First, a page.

More abstractly, consider that the operator $|a\rangle\langle b|$ is the matrix that sends $b$ to $a$ when left-multiplying, but does nothing else (nothing else that isn't implied by linearity, to be technical). Any vectors perpendicular to $b$ get sent nowhere, and end up as 0. Some density operators don't send any vectors to 0, but an operator of the form $|a\rangle\langle b|$ can't achieve that even for a 2d space.

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You are misunderstanding (and thus misquoting) the book of Nielsen and Chuang. What they do is to first define the reduced density matrix $\rho_A$ of a bipartite state $\rho_{AB}$ as $$\rho^{A} =\mathrm{tr}_B(\rho^{AB})$$ Then, they explain what a partial trace is: It is the linear map defined by its action $$ \mathrm{tr}_B \left( |a_1 \rangle \langle a_2| \otimes |b_1 \rangle \langle b_2| \right) = | a_1 \rangle \langle a_2 | \ \ \mathrm{tr} (|b_1 \rangle \langle b_2| )$$ on a (possibly overcomplete) basis $|a_1 \rangle \langle a_2| \otimes |b_1 \rangle \langle b_2|$.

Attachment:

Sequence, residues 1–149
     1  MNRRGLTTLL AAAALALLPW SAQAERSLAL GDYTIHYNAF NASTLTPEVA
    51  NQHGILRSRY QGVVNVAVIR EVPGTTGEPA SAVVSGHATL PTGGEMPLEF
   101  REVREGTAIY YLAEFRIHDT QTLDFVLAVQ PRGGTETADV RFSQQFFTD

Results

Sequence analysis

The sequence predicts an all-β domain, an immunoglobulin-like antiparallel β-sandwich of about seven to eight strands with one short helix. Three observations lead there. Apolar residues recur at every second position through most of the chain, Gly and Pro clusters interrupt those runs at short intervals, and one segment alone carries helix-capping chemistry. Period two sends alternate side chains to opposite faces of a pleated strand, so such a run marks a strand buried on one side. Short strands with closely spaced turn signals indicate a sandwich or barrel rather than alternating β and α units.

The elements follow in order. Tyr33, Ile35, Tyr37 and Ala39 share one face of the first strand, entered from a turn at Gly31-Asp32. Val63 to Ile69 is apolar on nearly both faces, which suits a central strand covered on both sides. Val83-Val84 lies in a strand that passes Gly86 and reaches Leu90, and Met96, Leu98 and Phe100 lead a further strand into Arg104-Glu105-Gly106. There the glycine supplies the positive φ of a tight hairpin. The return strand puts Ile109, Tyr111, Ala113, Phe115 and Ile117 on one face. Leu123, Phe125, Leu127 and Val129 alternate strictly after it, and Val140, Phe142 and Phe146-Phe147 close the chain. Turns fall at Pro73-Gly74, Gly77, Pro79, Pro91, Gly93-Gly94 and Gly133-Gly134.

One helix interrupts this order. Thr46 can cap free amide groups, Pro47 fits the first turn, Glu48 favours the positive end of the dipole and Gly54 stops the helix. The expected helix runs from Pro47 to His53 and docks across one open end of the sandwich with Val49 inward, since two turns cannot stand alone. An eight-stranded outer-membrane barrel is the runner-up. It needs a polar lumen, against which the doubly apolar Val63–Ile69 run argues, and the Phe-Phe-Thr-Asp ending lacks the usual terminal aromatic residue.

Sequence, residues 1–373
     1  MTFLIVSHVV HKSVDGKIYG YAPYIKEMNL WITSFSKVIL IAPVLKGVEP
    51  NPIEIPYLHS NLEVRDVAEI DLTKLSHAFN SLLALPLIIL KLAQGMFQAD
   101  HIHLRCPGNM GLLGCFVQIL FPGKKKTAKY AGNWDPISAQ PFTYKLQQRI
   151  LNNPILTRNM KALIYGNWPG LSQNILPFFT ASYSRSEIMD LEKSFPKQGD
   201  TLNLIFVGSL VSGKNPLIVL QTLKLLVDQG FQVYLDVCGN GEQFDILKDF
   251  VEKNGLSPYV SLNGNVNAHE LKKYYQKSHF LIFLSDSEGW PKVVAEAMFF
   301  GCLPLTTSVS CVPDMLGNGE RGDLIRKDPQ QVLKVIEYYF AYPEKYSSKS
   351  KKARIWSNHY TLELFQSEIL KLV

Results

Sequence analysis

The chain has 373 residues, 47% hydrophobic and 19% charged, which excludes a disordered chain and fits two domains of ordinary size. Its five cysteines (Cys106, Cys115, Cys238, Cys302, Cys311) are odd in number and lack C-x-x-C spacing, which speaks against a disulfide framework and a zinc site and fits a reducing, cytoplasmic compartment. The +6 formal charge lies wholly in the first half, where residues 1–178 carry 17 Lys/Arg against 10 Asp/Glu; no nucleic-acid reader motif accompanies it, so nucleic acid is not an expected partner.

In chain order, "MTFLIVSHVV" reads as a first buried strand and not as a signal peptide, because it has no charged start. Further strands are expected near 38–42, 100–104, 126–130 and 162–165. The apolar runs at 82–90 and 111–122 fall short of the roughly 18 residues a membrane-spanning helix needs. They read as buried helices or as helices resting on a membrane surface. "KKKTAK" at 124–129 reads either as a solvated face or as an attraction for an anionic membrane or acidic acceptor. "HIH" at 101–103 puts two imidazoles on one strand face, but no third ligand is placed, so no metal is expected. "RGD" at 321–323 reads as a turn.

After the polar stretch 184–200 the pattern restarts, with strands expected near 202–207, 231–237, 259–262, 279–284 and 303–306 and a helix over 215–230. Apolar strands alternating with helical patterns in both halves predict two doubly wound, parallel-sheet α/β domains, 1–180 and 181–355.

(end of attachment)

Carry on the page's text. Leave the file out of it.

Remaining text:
They never claim that the two equations above are equal, though.

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Since it is not mentioned: every density matrix can be written as the convex sum of ket-bra products. This is essentially the Krein-Milman theorem.